WRC Update: Bangladesh Building Collapse
|WRC Affiliate Universities and Colleges
|May 8, 2013
|Bangladesh Building Collapse
As you are likely aware from the extensive media coverage, the latest in a string of horrific disasters to visit Bangladesh’s garment workers occurred on April 24 when Rana Plaza, an eight-story building which housed five garment factories, collapsed.
The collapse has claimed the lives of at least 803 workers, making it the most deadly disaster in the history of the global garment industry – indeed, the deadliest disaster in a manufacturing facility in recorded history. At present, relief workers continue to recover the bodies of victims from the wreckage and the death toll may ultimately be substantially higher. More than a thousand people are injured, many seriously – in a substantial number of cases, survivors had to have a limb amputated on site in order to be freed from the wreckage. Words, of course, cannot begin to describe the horror the disaster has meant for victims and their families.
Details concerning the causes and circumstances of the collapse continue to emerge. At this point, it is known that on the day prior to the collapse, workers observed cracks in the building’s walls and expressed fear to supervisors, the police and media concerning the soundness of the building. A building inspector examined the situation and concluded that the building was unsafe.
However, when workers arrived for work the next day, factory owners told them that the building was safe and demanded that they return to work. When workers balked, many were threatened by managers with the loss of up to a month’s pay if they refused to enter the building. This bullying and intimidation was successful and most workers went in to work. Less than an hour later, the building collapsed.
It has since been revealed that the building was built on top of what had been a swamp. Then, despite the resulting weak foundation, three or four additional stories were illegally added to accommodate more factories. The structure was apparently fatally compromised the day before the collapse, when several large generators were turned on during a black-out. The owner of the building, Mohammed Sohel Rana, who had reportedly sought to flee the country, has been arrested.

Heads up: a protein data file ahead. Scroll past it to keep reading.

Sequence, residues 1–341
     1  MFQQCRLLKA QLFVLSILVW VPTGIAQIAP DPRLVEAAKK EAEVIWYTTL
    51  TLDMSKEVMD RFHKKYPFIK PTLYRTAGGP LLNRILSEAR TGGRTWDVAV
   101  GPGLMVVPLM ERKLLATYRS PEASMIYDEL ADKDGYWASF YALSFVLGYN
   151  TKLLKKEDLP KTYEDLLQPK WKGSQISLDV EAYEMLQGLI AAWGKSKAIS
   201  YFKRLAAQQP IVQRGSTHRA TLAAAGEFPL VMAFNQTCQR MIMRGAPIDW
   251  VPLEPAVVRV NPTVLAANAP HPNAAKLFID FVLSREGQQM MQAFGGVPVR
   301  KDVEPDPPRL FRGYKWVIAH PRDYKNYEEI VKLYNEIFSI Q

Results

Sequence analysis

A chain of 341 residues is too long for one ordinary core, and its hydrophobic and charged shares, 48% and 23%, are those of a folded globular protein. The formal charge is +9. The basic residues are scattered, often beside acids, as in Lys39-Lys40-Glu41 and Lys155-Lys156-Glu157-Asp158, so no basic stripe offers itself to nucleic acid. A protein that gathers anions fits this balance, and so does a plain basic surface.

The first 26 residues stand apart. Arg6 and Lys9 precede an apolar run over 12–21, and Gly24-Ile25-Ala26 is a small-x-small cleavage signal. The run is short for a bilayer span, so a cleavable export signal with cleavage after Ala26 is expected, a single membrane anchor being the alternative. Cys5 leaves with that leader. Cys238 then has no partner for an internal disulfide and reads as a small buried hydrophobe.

Brands whose goods were made in Rana Plaza include Benetton, JC Penney, The Children’s Place, Primark (a major British retailer), Loblaws (owners of the Joe Fresh label), El Corte Ingles (the largest department store group in Europe), Mango and numerous other brands and retailers. There is no evidence that collegiate licensed apparel was produced at the facility. The WRC and other organizations used a variety of research tools – in particular the work of people onsite who identified document and garments in the wreckage – to identify buyers.
The Rana Plaza collapse is the latest and worst in a series of horrendous factory disasters in Bangladesh. As you know, in November of last year, a fire at the Tazreen factory, which produced for Walmart among other companies, killed 112 workers. That disaster followed fires at two factories in 2010, producing for Gap, H&M and others, which 50 killed that year. Since the mid-2000s, more than 1,300 workers have died in apparel factories – including the 64 who died in an earlier, and very similar, building collapse at a factory called Spectrum.
Mass casualty disasters occur with such frequency in Bangladesh because the buildings in which garment factories operate are not structurally safe. Factories typically lack enclosed fire exits, a fundamental protection required by law in the U.S., Europe, and Bangladesh. And some buildings, like Rana Plaza, are built on weak foundations, constructed with poor materials, and/or have illegally-added floors.
This situation is the product of a lethal combination of lax local regulation; the tremendous price and delivery pressure under which factories produce, which gives factories powerful incentives to cut corners on safety; and the fact that most garment factories in Bangladesh are in multi-story buildings.